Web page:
Invasive Alien Species in Northern Ireland

Hyacinthoides hispanica, Spanish Bluebell

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Hyacinthoides hispanica
© Fiona Maitland
Hyacinthoides hispanica
© Fiona Maitland
Hyacinthoides hispanica
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Hyacinthoides hispanica (Miller) Rothm., (Miller) Chouard, (Mill.) Chouard, Mill.
 
Introduction
Spanish bluebell and its hybrid with the native Irish bluebell, Hyacinthoides non-scripta (L.) Chouard ex Rothm. are both widely grown in gardens. The hybrid is in fact probably far commoner than the true species.
 
Description
The Spanish bluebell is similar to the native bluebell, but has the flowers arranged all round the stem, not hanging to one side, and has broader leaves, and shorter, 'fatter' flowers. The hybrid Spanish bluebell has combinations of characteristics intermediate between the Spanish and native Irish species. Flower colour in hybrid populations in gardens can vary between blue, lilac, pink and white, but are normally blue in wild populations.
 
Country of origin
Spanish bluebell is a native of the Iberian countries and North Africa. The common Irish bluebell is native to Ireland, Great Britain and western Europe as far south as central Spain. The hybrid appears to have originated within the British Isles where both species meet in gardens or other plantings.
 
Location in Ireland
The Spanish and hybrid Spanish bluebells are recorded mainly from County Down and south County Antrim, but with scattered reports from elsewhere. It is probable that most reports of Spanish bluebell are misidentifications, the hybrid being apparently far commoner. The woodlands in Stormont Estate, Belfast, which have both species and the hybrid, are publicly and easily accessible.
 
Life cycle
Both Spanish bluebell and its hybrid with common bluebell are bulbous species, producing the fresh season's leaves in about December. Flower spikes appear in May and the flowers are insect-pollinated. The hybrid is fully fertile and produces abundant seed. All bluebells retain much of their seed in the papery fruits until well into the winter. Leaves die back completely from about the end of summer.
 
Wildlife and habitat impacts
There is no known adverse impact on animal wildlife. The principal concern is the contamination of native bluebell populations by the genes of Spanish or hybrid bluebells, and the possibility of 'hybridization out of existence' (introgression) of the native plant. This threat may be overestimated.
 
Key vectors
Spanish bluebell and its hybrids are mostly found in gardens, demesnes or parkland, where they were deliberately introduced. Their escape into wild situations is probably linked to the careless disposal of garden rubbish containing bulbs. The degree to which natural woodland is contaminated with Spanish and hybrid bluebells is unknown, but is probably not extensive. Seed dispersal is largely by wind over short distances, and the invasion of uncontaminated populations of native bluebells by windblown seed is unlikely to be very great except where they are situated close to gardens or parks containing the non-native plants.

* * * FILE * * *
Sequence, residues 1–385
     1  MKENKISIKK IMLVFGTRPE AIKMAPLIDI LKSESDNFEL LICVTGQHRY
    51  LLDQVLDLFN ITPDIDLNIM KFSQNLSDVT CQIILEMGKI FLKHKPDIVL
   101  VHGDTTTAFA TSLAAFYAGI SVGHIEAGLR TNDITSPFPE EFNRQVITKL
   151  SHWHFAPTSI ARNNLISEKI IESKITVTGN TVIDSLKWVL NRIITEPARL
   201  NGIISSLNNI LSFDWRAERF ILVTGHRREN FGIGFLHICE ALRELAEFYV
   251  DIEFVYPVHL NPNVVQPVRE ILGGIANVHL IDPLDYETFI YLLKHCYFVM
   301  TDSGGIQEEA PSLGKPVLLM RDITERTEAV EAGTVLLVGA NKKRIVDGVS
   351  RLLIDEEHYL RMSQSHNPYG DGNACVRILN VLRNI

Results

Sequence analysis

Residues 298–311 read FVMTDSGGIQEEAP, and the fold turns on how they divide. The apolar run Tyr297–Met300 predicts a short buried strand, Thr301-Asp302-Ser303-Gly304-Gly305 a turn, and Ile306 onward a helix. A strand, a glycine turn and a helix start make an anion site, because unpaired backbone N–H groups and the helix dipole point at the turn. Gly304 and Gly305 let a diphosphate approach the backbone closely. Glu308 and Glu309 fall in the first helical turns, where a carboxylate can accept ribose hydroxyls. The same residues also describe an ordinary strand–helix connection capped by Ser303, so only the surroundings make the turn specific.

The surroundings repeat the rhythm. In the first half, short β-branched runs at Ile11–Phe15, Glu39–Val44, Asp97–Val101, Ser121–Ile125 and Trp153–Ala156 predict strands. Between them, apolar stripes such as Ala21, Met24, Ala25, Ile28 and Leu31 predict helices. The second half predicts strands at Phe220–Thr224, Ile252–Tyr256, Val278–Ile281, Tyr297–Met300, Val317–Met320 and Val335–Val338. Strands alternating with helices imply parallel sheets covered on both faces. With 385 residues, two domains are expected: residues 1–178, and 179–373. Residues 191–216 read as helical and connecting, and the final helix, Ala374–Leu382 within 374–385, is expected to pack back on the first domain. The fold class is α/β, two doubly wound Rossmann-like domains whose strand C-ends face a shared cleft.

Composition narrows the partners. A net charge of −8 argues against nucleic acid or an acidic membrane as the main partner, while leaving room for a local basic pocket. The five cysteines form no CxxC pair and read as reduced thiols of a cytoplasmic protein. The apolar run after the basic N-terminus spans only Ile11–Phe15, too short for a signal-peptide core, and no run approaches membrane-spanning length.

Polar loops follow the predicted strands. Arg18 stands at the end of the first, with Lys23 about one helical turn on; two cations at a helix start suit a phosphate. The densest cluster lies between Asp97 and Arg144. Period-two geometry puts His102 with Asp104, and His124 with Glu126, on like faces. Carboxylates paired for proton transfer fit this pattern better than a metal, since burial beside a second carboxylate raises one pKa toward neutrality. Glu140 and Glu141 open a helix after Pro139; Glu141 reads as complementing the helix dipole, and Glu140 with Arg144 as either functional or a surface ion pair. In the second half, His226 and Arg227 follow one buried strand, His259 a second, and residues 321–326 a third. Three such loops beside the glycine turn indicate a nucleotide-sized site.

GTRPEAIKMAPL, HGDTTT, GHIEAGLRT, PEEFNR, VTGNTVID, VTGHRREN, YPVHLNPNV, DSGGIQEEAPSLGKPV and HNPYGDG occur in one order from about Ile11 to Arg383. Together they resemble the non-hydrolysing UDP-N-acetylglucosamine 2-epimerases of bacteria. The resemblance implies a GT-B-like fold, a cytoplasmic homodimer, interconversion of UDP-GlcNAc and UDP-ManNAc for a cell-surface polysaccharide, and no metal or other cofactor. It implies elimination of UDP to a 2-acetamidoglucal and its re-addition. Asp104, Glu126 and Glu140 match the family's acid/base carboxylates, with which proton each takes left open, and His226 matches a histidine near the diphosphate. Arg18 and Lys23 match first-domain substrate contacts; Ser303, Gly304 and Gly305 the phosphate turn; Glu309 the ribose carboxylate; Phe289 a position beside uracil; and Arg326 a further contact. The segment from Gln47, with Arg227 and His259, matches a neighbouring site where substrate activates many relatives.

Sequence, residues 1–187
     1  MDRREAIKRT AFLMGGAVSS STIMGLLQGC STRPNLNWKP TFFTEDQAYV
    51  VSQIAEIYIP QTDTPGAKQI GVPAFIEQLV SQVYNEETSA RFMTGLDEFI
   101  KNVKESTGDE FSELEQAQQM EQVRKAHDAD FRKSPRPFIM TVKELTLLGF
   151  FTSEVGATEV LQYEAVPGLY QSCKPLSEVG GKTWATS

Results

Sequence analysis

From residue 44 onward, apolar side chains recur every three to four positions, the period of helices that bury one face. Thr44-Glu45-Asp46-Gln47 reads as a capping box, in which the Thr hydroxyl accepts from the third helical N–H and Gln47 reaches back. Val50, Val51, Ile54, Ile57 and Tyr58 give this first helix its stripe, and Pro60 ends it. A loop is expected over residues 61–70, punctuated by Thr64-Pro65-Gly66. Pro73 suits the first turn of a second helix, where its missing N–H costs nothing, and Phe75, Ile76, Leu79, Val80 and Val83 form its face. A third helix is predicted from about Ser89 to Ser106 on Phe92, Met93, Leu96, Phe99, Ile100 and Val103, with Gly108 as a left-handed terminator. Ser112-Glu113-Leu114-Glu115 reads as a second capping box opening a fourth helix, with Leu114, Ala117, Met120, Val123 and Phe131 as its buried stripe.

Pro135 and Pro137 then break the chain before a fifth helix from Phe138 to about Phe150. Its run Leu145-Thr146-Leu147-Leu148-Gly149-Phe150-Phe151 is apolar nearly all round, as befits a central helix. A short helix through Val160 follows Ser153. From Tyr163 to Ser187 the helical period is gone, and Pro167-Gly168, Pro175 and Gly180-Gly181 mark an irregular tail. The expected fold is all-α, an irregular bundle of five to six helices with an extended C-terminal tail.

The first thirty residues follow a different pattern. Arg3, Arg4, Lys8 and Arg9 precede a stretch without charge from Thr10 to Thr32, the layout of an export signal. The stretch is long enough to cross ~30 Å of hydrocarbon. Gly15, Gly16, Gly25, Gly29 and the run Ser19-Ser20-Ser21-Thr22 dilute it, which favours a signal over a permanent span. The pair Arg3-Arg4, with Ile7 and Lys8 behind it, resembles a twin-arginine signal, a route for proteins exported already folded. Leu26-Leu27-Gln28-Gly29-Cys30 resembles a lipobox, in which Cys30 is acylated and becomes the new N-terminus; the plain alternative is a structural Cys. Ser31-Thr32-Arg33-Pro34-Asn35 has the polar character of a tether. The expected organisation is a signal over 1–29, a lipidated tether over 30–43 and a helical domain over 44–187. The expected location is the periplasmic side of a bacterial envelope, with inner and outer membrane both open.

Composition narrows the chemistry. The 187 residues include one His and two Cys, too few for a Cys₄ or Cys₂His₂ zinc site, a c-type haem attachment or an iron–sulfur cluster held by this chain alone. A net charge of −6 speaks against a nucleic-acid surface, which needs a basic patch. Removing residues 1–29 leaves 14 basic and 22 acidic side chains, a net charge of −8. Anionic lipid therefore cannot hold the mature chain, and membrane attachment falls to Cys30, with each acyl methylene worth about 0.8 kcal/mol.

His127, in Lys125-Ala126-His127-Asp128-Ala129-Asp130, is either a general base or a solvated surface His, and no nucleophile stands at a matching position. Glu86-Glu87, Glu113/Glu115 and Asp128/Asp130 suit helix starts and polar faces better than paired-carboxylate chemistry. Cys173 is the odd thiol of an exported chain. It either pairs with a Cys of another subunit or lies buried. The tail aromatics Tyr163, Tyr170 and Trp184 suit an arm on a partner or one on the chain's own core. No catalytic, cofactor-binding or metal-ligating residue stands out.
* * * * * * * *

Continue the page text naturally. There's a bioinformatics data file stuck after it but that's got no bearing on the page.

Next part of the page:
What you can do as an individual
If you purchase bulbs labelled 'Spanish bluebells', you will almost certainly be
buying the hybrid, not the pure species.
If you wish to purchase native bluebell bulbs for a garden, ensure they are from local Irish sources and have been raised in cultivation, not stolen from the wild. Make sure that they are not the Spanish bluebell or its hybrid (the horticultural trade is notoriously inaccurate with naming and labelling plants).
Do not knowingly plant Spanish or hybrid bluebells in or close to any woodland or ground containing native bluebells, and never throw away rubbish containing garden bluebell bulbs, either into your rubbish bins (they could grow on rubbish tips) or 'over the garden fence' or onto outdoor tips or dumps. If you need to get rid of unwanted garden bulbs, kill the bulbs first by drying them off over a period of weeks. Remember that compost heaps may not destroy the bulbs.
 
Management measures
The complete removal of Spanish or hybrid bluebells from an extensively contaminated site is probably uneconomic and undesirable. The focus of management should be on prevention of further spread into natural woodland or other natural habitats by the removal of garden escapes as and when discovered. More research on the extent of the problem in Northern Ireland is required, as there are suggestions it may have been exaggerated in Great Britain.
 
Management groups
Plantlife International has carried out a survey of the Spanish bluebell in the UK see their web site.
 
Further information
Links
http://www.plantlife.org.uk/Bluebells.htm
 
Text written by:
Paul Hackney, Keeper of Botany, Ulster Museum